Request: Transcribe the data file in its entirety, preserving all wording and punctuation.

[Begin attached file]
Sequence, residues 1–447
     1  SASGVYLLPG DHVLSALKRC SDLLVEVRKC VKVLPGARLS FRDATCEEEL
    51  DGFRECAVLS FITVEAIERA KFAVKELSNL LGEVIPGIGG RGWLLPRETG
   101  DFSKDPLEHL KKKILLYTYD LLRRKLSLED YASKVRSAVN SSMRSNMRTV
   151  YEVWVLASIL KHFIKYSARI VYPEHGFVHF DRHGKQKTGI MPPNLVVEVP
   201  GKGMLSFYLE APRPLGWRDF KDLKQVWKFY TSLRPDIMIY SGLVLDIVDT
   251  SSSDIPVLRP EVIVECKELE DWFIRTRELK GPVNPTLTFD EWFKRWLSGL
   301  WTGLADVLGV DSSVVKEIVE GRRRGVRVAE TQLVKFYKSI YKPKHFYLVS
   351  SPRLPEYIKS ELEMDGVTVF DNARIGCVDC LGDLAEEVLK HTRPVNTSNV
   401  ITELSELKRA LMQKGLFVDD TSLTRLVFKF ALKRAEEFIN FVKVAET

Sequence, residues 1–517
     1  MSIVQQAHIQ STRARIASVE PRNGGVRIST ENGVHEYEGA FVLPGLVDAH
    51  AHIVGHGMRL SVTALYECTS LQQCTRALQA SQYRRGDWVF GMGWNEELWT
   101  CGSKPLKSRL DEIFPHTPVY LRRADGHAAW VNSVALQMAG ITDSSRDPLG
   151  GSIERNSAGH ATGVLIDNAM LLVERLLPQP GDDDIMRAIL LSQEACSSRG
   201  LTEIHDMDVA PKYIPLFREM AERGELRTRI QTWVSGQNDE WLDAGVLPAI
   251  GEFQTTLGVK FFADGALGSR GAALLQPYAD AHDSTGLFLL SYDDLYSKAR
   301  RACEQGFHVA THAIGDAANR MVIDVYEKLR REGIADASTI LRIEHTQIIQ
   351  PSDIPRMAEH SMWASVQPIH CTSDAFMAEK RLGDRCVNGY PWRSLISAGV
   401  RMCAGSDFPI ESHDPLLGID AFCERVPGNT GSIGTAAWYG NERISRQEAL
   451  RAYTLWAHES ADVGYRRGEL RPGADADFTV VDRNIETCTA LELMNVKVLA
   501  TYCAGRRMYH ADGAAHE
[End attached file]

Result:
Sequence, residues 1–447
     1  SASGVYLLPG DHVLSALKRC SDLLVEVRKC VKVLPGARLS FRDATCEEEL
    51  DGFRECAVLS FITVEAIERA KFAVKELSNL LGEVIPGIGG RGWLLPRETG
   101  DFSKDPLEHL KKKILLYTYD LLRRKLSLED YASKVRSAVN SSMRSNMRTV
   151  YEVWVLASIL KHFIKYSARI VYPEHGFVHF DRHGKQKTGI MPPNLVVEVP
   201  GKGMLSFYLE APRPLGWRDF KDLKQVWKFY TSLRPDIMIY SGLVLDIVDT
   251  SSSDIPVLRP EVIVECKELE DWFIRTRELK GPVNPTLTFD EWFKRWLSGL
   301  WTGLADVLGV DSSVVKEIVE GRRRGVRVAE TQLVKFYKSI YKPKHFYLVS
   351  SPRLPEYIKS ELEMDGVTVF DNARIGCVDC LGDLAEEVLK HTRPVNTSNV
   401  ITELSELKRA LMQKGLFVDD TSLTRLVFKF ALKRAEEFIN FVKVAET

Sequence, residues 1–517
     1  MSIVQQAHIQ STRARIASVE PRNGGVRIST ENGVHEYEGA FVLPGLVDAH
    51  AHIVGHGMRL SVTALYECTS LQQCTRALQA SQYRRGDWVF GMGWNEELWT
   101  CGSKPLKSRL DEIFPHTPVY LRRADGHAAW VNSVALQMAG ITDSSRDPLG
   151  GSIERNSAGH ATGVLIDNAM LLVERLLPQP GDDDIMRAIL LSQEACSSRG
   201  LTEIHDMDVA PKYIPLFREM AERGELRTRI QTWVSGQNDE WLDAGVLPAI
   251  GEFQTTLGVK FFADGALGSR GAALLQPYAD AHDSTGLFLL SYDDLYSKAR
   301  RACEQGFHVA THAIGDAANR MVIDVYEKLR REGIADASTI LRIEHTQIIQ
   351  PSDIPRMAEH SMWASVQPIH CTSDAFMAEK RLGDRCVNGY PWRSLISAGV
   401  RMCAGSDFPI ESHDPLLGID AFCERVPGNT GSIGTAAWYG NERISRQEAL
   451  RAYTLWAHES ADVGYRRGEL RPGADADFTV VDRNIETCTA LELMNVKVLA
   501  TYCAGRRMYH ADGAAHE